How did I get to this situation?

From a very young age I have had the tendency to go beyond strength. As the north pole attracts the compass needle, I am attracted by stories and adventures of the people who, by risking their lives, overcome the bounds of impossibility; I am particularly drawn to the stories and adventures based on an ethical driving force and which aim to do good. I was not keen on the adventurers who work for empires or commercial ventures, nor am I now.

That is why I became involved in the underground struggle against tyranny.

For many years I have been in my element involved in activities that I have found both exciting and gratifying in equal measure. You know, just like when sailors find themselves in tight spots on ships, we, too, had our own, but I also felt free even in the toughest life underground.

Free and eager. Indeed the day before you have to strike the enemy, the tension that fills your breast dissolves all the other worries and fatigue, and the eagerness to attack gnaws away at your guts. Especially when the enemy is a cruel predator.

Striking the enemy. The first time you are overcome by dizziness, and in front of the spilled blood it is difficult not to throw up. But very gradually the habit hardens you and even if you are very near the target, it seems to you that it is very far away, so far away that you are not aware that he is a person; he becomes a simple bulls-eye, the same thing that happens to those who drop bombs from a high altitude or launch missiles from a great distance. From time to time there are innocent victims or ones who have nothing directly to do with the conflict, and that affects you profoundly. In the end you say to yourself: regrettable, but unavoidable errors. Collateral damage, the pitiful victims of all struggles. You feed off the struggle.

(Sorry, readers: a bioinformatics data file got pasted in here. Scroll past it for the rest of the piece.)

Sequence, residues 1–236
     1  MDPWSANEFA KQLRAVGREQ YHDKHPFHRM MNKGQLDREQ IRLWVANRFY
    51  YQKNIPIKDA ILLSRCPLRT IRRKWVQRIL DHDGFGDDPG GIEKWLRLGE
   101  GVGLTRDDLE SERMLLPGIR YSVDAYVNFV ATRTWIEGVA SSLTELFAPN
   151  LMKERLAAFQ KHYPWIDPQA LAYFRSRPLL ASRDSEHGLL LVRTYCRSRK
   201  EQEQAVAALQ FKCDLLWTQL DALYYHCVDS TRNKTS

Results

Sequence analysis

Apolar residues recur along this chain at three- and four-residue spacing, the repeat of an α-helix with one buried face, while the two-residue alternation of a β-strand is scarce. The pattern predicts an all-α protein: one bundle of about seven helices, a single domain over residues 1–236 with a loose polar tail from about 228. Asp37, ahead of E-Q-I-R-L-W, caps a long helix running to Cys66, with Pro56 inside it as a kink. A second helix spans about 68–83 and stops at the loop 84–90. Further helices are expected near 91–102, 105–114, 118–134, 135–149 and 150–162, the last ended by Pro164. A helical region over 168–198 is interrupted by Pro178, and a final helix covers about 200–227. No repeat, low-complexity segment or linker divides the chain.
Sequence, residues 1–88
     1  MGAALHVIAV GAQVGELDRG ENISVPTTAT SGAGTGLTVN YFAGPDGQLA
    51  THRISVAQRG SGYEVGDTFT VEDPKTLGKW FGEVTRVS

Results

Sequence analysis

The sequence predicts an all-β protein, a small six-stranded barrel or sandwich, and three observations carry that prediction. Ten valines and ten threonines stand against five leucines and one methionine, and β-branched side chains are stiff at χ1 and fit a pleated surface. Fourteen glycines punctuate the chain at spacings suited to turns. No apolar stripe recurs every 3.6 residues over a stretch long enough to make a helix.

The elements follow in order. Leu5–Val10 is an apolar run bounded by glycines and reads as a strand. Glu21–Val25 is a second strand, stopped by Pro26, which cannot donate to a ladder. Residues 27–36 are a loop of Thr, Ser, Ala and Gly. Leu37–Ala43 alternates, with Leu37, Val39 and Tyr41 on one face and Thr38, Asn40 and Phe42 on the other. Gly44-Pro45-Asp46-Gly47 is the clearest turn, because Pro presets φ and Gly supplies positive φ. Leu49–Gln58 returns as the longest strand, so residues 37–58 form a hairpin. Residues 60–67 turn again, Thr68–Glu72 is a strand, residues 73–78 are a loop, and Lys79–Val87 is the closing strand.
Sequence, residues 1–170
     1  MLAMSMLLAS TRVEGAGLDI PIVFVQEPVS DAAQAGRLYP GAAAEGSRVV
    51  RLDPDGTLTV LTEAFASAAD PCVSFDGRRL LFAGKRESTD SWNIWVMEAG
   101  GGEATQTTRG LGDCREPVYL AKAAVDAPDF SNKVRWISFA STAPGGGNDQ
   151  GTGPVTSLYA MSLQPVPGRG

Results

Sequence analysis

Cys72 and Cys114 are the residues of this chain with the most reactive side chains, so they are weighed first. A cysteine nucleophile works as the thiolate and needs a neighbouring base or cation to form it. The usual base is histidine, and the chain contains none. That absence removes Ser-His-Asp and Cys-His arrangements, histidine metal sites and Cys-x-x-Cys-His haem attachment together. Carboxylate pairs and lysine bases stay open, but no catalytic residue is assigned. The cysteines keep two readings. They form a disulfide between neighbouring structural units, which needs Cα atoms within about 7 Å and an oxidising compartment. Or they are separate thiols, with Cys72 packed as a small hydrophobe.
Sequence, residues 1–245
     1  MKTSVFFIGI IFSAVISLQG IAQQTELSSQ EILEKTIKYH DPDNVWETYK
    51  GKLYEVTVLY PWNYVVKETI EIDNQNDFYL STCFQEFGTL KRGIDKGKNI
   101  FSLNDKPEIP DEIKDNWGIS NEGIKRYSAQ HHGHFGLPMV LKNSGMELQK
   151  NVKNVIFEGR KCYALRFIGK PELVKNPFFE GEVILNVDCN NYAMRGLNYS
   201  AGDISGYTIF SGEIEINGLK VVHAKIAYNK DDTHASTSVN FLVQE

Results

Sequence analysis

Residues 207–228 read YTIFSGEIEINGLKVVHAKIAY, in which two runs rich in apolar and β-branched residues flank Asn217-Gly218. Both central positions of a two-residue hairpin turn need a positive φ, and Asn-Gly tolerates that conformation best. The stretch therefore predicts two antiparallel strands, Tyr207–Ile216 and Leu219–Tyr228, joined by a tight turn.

On such an occasion you come face to face with your own private Moby Dick and then everything changes for you. When I saw the enemy who we regard as our main opponent, the supreme symbol of tyranny, in the sights of our weapons, I realised that what happened to Captain Ahab could happen to me.

What a massacre! I, unlike my comrades, got out severely disabled but alive. As did the principle enemy. However, my wounds were very superficial compared with my interior lacerations. Because that was when I realised that my fury was making me capable of doing anything to kill the enemy, if it were up to me. Anything at all!

I saw the other side, my darkest side. That terrifies me!

(...)


I am aware that taking out the enemy (and not so much the dictatorship which makes his presence possible) has become my objective more than anything else. I know I shall not give up, even if it is clear that I will go down into the black sea or down into the fires of hell together with him.

And I know that I will rest at that moment. The fact is I am very, very weary!


2011 Euskal Idazleen Elkartea
Zemoria kalea 25 · 20013 Donostia (Gipuzkoa)
Tel.: 943 27 69 99 - Fax.: 943 27 72 88
eie@idazleak.eus

iametza interaktiboak garatuta